[For those who make it this far into this entry, but who still haven't heard of the Staffordshire Hoard, please check out this site, where the pictures are beautiful and brand new. The hoard was discovered in July 2009 and announced last week; it is the single largest discovering of Anglo-Saxon gold treasure of the modern era, with about eleven pounds of gold alone.]
Nick Howe, of course, knew as well as anyone how problematic the date of Beowulf has been for Anglo-Saxon scholars, and how important: it was from Nick that I first heard the argument that the controversies over dating and historicizing the poem are perhaps our most productive strategy for making meaning from it. And as is well, known, Beowulf is a poem whose narrator seems fairly obsessed with golden treasure: the descriptions of treasure in the poem are frequnet, lovingly detailed, and thorough. What the Staffordshire Hoard tells us, if nothing else, is that hoards of (primarily) golden treasure were, in fact, possible in at least one seventh-century Anglo-Saxon kingdom, and one at least partially accommodated to Christian monotheism, and at least in this case associated with war.
Elizabeth Tyler's wonderful discussion of treasure words in Old English poetry makes part of my point here beautifully: in her discussion of The Battle of Maldon (about a battle fought in 991), Tyler notes that Maldon uses a highly conventional vocabulary of treasure, in which references to gold far outweigh references to silver. Significantly, exactly the opposite situation obtained in reality at the time: when the Danes were bought off in 991 and succeeding years, the payoff was in silver, and the coinage of the time is exclusively silver, with little gold in evidence anywhere.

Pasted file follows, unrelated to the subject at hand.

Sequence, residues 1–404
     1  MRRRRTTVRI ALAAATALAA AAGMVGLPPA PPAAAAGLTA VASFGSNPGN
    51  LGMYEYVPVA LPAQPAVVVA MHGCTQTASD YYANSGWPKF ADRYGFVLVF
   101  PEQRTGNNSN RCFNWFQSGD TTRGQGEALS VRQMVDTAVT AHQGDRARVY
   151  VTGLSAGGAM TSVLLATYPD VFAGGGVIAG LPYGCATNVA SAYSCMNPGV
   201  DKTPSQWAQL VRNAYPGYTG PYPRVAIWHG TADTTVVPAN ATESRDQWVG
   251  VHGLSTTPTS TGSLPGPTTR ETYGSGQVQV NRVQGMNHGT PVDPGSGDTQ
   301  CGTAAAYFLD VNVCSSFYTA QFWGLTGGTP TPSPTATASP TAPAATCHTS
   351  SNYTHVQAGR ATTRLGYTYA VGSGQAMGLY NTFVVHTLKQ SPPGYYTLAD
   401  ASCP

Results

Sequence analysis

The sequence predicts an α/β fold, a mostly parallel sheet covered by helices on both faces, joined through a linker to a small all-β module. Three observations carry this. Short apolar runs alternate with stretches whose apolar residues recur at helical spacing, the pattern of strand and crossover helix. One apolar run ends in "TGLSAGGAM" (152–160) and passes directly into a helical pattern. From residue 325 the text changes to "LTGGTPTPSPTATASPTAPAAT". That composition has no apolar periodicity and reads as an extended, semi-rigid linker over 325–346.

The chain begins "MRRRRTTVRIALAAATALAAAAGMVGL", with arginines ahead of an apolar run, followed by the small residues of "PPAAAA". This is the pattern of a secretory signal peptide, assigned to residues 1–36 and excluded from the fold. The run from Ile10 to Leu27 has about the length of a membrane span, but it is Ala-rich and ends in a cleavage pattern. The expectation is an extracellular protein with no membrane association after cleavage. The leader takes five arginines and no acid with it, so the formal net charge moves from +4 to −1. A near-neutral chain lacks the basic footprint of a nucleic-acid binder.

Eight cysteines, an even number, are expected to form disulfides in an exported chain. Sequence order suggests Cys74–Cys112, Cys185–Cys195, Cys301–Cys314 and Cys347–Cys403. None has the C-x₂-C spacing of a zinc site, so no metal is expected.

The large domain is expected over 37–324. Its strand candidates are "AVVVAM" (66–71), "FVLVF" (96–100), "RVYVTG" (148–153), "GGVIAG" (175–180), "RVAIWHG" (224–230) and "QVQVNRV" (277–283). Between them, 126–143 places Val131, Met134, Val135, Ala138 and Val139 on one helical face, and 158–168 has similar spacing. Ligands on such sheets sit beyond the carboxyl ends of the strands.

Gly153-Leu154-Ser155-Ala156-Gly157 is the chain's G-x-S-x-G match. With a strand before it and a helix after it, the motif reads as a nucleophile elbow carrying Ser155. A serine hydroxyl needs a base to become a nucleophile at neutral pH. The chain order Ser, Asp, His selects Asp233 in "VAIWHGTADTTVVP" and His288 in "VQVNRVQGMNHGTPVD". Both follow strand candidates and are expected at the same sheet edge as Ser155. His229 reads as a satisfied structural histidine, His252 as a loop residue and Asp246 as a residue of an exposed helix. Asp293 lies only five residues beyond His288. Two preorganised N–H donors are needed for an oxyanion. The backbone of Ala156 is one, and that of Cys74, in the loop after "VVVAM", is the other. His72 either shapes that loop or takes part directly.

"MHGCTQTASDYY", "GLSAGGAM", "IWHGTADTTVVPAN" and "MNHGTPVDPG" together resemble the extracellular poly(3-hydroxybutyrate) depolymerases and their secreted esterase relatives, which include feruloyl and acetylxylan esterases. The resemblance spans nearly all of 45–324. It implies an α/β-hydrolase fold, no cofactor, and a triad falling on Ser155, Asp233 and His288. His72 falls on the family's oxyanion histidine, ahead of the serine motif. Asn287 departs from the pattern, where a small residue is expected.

If Beowulf is as late as its manuscript, of course, then it too simply uses a conventional vocabulary for treasure, in which gold is far more prominent than silver, except when the two are linked in formulas like “silver and gold.” But it's the details of the Staffordshire Hoard that then stand out: the gold literally outweighs the silver, by a four-to-one ration. Further, the assemblage of materials seems clearly to have been made in the context of war: the prominence (and sheer number) of sword-fittings makes any other context seem unlikely. And sure enough, we see warriors stripped of their gear in the poem. Likewise, when Beowulf's troop arrives at Heorot, their spears are foregrounded, but when Weohstan kills Onela's nephew Eanmund, he takes the sword to Onela and is given it as a reward—the uncle rewarding the slayer of his nephew because of a family feud. Hrothgar's hilt, of course, is the sign of Grendel's mother's death (far more so than the head of Grendel), and we see in the Staffordshire hoard some 80 gold pommel mounts, stripped, it seems, from sword hilts.
And there are hoards in Beowulf: the dragon guards a hoard, and when Beowulf kills it, he believes that the hoard will be a treasure to buy his people's future safety: a doomed hope, as it turns out, but a clear claim is made about what a hoard might be thought to do. The dragon hoard, of course, has been laid in the ground by the “last survivor” the final living member of a now-long-gone tribe, the hoard a kind of national treasury, useless to an individual. Likewise, the hoard of the dragon slain by Sigemund provides an opportunity for a discussion of good and bad kingship: hoards are to be used by lords who are gold-friends to their thanes—a source of wealth to be shared.